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Hey, greetings everyone. Welcome back. This is another edition of Chiro Secure’s. Let’s get your office practicing better, doing better, making more money. That’s what we do with my service. The HJ Ross network is to make sure your office is compliant. Compliance always equals money. What we’re gonna focus in on this program is gonna be chiropractic documentation.
Something we all hate to talk about, but it’s something we have to have. And you wonder, well, why do I have to have it? I’m at all cash office. I don’t need to document, or at least not as much, or if only if I’m billing insurance or Medicare. And that frankly is not necessarily the case. There’s documentation requirements regardless of how you’re being reimbursed for your services.
So let’s dig into that. Let’s talk about chiropractic documentation. Let’s go to the slides. For chiropractic documentation, I want you to think of it this way. I want you to assure whatever you’ve done with the patient, whatever you billed them for, is within the notes. And this is where we often run into problems.
We have to make sure that everything that was done appears in the notes. And you’ve probably heard this statement before. If it’s not documented, it didn’t happen. And that’s very, very true. If it’s not written down, it didn’t occur. So we gotta think. If we have to have things written down or documented, I won’t say you have to hand write it anymore.
Most people are using electronic records. But do the services that we bill for, do the services that we assure the patient had? Are they in the file? And so what we do is we have to look here. Oh, I lost my, uh, Here. There we go. Who tells us we have to do this? This is one of the things I think often people get frustrated and they think, well, no I don’t because I don’t bill insurance.
Well, who says you have to do it? And the why? Board of Chiropractic. The board has standards that the services that are being provided must be documented adequately within the file, whether it’s gonna be exam, diagnosis, the treatment you provided. It doesn’t matter whether or not it’s being billed to insurance, the board requires it.
Well, who also requires it? In fact, I’m losing my, um, . Spot here. There’s gonna be, of course, state and federal regulations that are gonna require it as well. That’s gonna certainly fit. What do you mean by the state? Well, that’s the board. The federal’s gonna be under the federal government, if you will, under standards of hipaa, if nothing else.
But realize there’s city and county rules that may apply as well as just community standards. And this does involve insurance, if you will, but also your peers. But more importantly, the patient. What if the patient comes back and says, this doctor did not perform these services, or, I felt he charged me too much.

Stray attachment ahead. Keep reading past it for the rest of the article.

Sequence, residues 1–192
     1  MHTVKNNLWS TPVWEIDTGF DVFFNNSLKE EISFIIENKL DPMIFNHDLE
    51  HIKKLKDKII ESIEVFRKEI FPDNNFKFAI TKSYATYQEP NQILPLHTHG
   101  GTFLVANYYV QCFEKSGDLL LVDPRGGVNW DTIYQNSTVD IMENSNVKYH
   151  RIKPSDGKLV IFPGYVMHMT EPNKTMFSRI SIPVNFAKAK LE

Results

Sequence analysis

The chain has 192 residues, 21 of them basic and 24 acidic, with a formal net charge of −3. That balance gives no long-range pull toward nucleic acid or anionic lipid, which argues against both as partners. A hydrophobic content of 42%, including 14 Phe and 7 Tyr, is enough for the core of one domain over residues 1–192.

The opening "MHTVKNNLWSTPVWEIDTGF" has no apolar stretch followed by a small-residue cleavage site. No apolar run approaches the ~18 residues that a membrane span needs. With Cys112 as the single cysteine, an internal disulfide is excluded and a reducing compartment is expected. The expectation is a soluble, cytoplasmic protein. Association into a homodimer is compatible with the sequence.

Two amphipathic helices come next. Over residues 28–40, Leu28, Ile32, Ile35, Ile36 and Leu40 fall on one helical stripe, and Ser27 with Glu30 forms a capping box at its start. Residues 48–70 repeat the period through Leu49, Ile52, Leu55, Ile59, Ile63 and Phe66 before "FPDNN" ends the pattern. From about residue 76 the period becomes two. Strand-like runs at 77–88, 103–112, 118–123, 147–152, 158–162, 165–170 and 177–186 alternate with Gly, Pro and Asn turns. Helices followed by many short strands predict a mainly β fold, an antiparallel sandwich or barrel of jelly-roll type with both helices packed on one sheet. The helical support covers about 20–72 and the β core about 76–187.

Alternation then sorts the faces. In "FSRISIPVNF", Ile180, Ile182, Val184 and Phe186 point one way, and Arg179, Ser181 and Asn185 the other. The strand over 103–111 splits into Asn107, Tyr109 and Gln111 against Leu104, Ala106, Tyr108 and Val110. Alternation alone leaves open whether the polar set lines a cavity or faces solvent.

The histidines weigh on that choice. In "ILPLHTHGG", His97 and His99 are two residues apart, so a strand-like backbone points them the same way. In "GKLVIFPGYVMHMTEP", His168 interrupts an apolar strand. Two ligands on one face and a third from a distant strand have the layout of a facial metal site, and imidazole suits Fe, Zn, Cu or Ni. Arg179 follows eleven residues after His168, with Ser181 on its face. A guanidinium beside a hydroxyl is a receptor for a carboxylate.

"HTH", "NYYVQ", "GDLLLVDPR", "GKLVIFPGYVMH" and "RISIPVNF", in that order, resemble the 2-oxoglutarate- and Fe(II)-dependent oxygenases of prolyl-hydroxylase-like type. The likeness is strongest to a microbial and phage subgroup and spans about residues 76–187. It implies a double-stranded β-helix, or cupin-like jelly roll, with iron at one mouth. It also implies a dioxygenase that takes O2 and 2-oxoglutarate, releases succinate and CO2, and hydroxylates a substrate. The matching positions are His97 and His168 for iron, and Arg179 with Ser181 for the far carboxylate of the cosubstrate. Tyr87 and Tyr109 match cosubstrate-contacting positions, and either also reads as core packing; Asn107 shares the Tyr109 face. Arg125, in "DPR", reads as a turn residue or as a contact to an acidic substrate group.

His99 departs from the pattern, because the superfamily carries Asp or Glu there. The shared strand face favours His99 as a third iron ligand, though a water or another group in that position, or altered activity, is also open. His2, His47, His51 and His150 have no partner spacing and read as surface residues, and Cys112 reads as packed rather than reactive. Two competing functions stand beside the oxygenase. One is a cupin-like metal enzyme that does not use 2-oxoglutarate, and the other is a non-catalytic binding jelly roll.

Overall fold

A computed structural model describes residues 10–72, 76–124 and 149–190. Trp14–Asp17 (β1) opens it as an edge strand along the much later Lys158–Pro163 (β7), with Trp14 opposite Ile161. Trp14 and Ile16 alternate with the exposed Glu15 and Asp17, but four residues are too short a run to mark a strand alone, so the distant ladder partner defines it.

How do you defend that? The services you were done? It’s what you’ve documented. So again, I wanna get away from the whole insurance thing. I don’t care. I wanna make sure everything that we’ve done is in the file. What if the patient makes a complaint that something improper happened in the visit? Here’s a good example.
What about a patient that complains? I felt dizzy after the visit. What did you document at the end? One of the things you should be in the habit of is when you’re finished with the visit, asking the patient how they feel and how they felt at the end of the visit. Because if you don’t indicate it, that means the patient will say, well, I didn’t feel anything, or I felt horrible.
I want to know that to document that, to make sure that if anyone comes back later and says, this patient felt dizzy, you’re gonna highlight, no, they did not. In fact, at the end of the visit, we inquire with the patient and document. Now it’s not to say maybe they didn’t feel it sometime later. But they cannot say it was felt there and we documented that information.
Well, you may wonder, what does the state board say? This is their board of chiropractic examiners for California. I want you to realize I’m using California just as an example. I don’t care what state you’re in, you’re gonna find a lot of the same things here. You’ll see things, it talks about doing insurance fraud, unlicensed practice, sexual misconduct, all those bad things.
I wanna focus on really kind of the first thing it says here, insurance fraud. Now, forget insurance. Billing for a service not rendered. Now, you may say, well, of course Sam, I rendered the service. I charged the patient. Not if you didn’t document it. If it’s not documented, it didn’t happen. So always think of there’s a requirement to document the services, to make sure that if someone comes back and questions what was performed that day, whether it’s gonna be just a question of the patient or something where they’re making a complaint, we’re gonna have information there.